Fordham Doctoral Candidate Creates Online Historical Archive


(Courtesy of Digital Paxton) Will Fenton, GSAS, created database Digital Paxton to house documents from the 1764 Pamphlet War. ry research centered on the Elgin Marbles Affair, a continued debate among scholars.

By Ashley Katusa

(Courtesy of Digital Paxton)

Digital Paxton, an online archive of the Pamphlet War of 1764, catalogs works that are likened to pre-revolutionary Twitter battles according to creator Will Fenton, GSAS.

Fenton’s archive contains 1,700 pages of material from the 1764 Paxton Pamphlet War, some of which had been never before digitized prior to Fenton’s project.

The Pamphlet War arose from opposing views over the actions of the “Paxton Boys” in the time following the French-Indian War, when tension between indigenous people and English settlers was high.

In December of 1763, a mob of settlers from the Paxtang township slaughtered unarmed Susquehannock Indians in Lancaster County, Pennsylvania. These “Paxton Boys,” or “Paxton Men” as they came to be known, managed to continue on to Philadelphia with the intent to intimidate refugee Native Americans. Benjamin Franklin was able to quell the march while it was just outside of Philadelphia.

Opposing views on the actions and sentiments of the Paxton Boys were captured in the material printed in 1764 – over one-fifth of materials printed had reference to the Pamphlet War. The pamphlets often discussed colonization, peace and war, race and ethnicity, masculinity and civility and religious association in pre-Revolutionary Pennsylvania, according to Fenton.

Fenton drew a comparison between the Pamphlet War in 1764 and Twitter wars of today.

“In much the same manner as Twitter bots circulated right-wing conspiracies during the last election, pamphleteers mobilized anonymity, pseudonyms and aliases to amplify talking points, discredit opponents and boost allies in the legislature,” he said.

Fenton said there are similarities among the issues both information battles cover. “Similar to how Donald Trump deployed border security to animate and mobilize various ethnic groups, Paxton allies forged coalitions across unlikely allies by stoking fears of renewed racial violence and promising greater security,” he said.

Fenton believes the Pamphlet War provides historians with a trove of important information, ideas and experimentation from that time period. Fenton said the pamphlets, political cartoons and broadsides deserve the attention of literature and media studies scholars.

“They illuminate a colonial print culture that exemplifies much of the innovation and idiosyncrasy associated with contemporary media culture,” he said.

Fenton began Digital Paxton to support his dissertation, “Unpeaceable Kingdom: Fighting Quakers, Revolutionary Violence, and the Antebellum Novel,” which examines “the discrepancy between fictional representations of fighting Quakers and their historical practices of pacifism and political participation.” It quickly evolved into a large, comprehensive database that is utilized by many.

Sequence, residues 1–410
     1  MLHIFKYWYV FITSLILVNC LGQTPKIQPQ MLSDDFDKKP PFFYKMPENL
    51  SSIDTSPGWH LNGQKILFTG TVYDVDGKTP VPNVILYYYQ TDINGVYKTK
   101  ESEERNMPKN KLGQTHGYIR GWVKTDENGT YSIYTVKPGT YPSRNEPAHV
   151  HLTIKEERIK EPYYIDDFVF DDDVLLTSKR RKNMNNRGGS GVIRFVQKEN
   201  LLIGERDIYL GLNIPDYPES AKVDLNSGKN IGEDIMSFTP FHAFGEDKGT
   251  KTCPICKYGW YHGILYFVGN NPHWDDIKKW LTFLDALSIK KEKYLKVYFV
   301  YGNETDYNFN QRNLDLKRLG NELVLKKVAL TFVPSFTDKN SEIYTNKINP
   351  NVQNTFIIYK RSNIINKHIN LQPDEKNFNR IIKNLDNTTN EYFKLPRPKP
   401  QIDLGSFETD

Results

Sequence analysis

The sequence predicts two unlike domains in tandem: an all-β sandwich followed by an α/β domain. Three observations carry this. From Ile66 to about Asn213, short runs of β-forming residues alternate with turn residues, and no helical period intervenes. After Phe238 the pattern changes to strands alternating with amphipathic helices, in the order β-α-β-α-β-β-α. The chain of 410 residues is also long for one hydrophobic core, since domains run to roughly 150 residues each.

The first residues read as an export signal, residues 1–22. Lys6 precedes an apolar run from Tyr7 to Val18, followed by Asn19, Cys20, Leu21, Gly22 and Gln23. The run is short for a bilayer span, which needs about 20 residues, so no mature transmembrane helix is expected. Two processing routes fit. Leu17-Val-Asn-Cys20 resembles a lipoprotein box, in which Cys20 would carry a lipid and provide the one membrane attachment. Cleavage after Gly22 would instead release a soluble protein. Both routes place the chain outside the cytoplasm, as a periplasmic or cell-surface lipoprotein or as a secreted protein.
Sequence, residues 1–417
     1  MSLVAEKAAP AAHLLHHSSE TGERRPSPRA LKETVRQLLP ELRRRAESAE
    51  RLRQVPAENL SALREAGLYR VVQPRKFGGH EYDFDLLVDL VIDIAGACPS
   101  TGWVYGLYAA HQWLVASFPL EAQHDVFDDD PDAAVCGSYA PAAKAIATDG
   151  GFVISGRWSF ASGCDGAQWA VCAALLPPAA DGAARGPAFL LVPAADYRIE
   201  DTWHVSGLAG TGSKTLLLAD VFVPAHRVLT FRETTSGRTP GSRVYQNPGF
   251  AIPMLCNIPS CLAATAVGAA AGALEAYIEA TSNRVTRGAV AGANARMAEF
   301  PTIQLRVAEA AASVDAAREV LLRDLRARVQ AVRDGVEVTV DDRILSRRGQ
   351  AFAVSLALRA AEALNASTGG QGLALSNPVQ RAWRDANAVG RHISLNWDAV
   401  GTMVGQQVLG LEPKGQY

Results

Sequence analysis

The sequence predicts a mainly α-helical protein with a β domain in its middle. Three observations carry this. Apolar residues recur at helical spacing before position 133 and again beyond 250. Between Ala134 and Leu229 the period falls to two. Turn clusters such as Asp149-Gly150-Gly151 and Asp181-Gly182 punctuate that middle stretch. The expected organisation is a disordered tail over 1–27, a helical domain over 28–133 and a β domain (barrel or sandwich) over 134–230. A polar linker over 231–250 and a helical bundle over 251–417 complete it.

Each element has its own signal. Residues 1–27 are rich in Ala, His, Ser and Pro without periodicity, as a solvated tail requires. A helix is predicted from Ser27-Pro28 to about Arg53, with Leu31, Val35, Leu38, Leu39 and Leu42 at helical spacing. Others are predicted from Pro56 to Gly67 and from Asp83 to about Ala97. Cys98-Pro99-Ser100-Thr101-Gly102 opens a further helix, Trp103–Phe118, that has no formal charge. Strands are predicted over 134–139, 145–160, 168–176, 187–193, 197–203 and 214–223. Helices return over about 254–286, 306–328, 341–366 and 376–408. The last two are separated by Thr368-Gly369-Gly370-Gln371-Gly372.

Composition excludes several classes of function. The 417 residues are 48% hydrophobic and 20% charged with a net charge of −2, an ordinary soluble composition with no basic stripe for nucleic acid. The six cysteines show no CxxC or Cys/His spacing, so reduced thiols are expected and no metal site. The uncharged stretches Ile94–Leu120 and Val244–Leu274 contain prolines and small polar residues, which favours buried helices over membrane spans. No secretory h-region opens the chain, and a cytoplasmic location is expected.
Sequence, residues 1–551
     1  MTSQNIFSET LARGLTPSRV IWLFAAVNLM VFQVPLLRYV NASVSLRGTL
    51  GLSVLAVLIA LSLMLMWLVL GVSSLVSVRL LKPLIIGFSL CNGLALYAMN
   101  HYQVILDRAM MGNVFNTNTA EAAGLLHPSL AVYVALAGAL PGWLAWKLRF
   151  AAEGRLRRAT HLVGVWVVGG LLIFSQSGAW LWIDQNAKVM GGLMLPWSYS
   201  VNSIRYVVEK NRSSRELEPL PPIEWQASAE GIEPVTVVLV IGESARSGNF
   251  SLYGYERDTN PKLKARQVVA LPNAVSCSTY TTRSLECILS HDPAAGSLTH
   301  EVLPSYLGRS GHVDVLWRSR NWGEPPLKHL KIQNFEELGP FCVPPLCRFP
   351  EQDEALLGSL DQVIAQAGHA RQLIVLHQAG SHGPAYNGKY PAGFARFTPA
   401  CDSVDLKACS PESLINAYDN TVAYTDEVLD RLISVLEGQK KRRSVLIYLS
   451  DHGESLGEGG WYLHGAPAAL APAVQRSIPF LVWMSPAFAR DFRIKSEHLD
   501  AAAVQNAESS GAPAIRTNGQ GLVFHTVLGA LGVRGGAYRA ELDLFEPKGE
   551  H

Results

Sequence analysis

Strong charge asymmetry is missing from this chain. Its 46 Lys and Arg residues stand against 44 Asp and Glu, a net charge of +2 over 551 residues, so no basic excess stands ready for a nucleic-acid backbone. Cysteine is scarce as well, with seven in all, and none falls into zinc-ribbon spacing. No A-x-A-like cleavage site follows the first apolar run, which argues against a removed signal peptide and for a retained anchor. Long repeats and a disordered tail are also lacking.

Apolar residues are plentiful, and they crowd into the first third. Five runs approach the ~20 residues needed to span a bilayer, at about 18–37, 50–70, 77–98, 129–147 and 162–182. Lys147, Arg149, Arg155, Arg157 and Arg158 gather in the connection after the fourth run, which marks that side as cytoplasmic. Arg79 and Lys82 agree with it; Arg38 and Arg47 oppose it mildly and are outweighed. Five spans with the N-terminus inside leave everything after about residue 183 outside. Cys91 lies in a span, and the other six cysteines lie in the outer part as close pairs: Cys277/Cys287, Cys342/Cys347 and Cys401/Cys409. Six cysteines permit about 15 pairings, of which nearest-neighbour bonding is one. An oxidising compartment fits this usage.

The project includes print-quality images as well as searchable full-text translations. All of the information is open-source, meaning it is free to view and use by anyone.

Not only does Digital Paxton feature the 28 pamphlets most frequently associated with the pamphlet war, but it also allows public access to rare pamphlets, artworks, political cartoons, broadsides and manuscripts digitalized for the first time. Fenton has spent time in half a dozen different archives, libraries and cultural institutions, notably including the American Philosophical Society, the Historical Society of Pennsylvania and Library Company of Philadelphia.

Fenton say it is a “window into colonization, late-eighteenth century print culture and Pennsylvania on the eve of the American Revolution.”

The task of creating such a large database was challenging, according to Fenton. To transcribe a pamphlet it must be scanned, photoshopped, giiven a digital tracking record that is attached to the file, saved to a server and finally, transcribed. The pamphlets are transcribed letter-by-letter, word-by-word; although perhaps tedious, this ensures accuracy.

Fenton said he understands the sensitive need to give a voice to the indigenous people, as the pamphlets previously studied had colonial bias. By offering more materials than what has been studied in the past, Digital Paxton enables individuals to come to more informed decisions and opinions regarding the incident.

“For too long, scholars have interpreted the Paxton massacre via the Pamphlet War, which reproduces a colonial set of biases. I hope that as we open up the Paxton archive, students and scholars will listen for voices that have previously been drowned out by a singular focus on the print debate,” he said.

Digital Paxton can be utilized as a teaching source, a database for researchers, a tool for students or a resource for anyone who is curious about American history, technology and how it can reflect events happening in current culture.

Fenton hopes his project will enable more people to explore the incident. “I want to see high school and college students engaging these materials and asking questions that wouldn’t even cross my mind,” he said.

Will Fenton is the Elizabeth R. Moran Fellow for the American Philosophical Society, a doctoral candidate at Fordham University and literary scholar. He said he hopes to share his archival experience with as many individuals as possible. Digital Paxton remains an evolving project; Fenton regularly adds new transcriptions.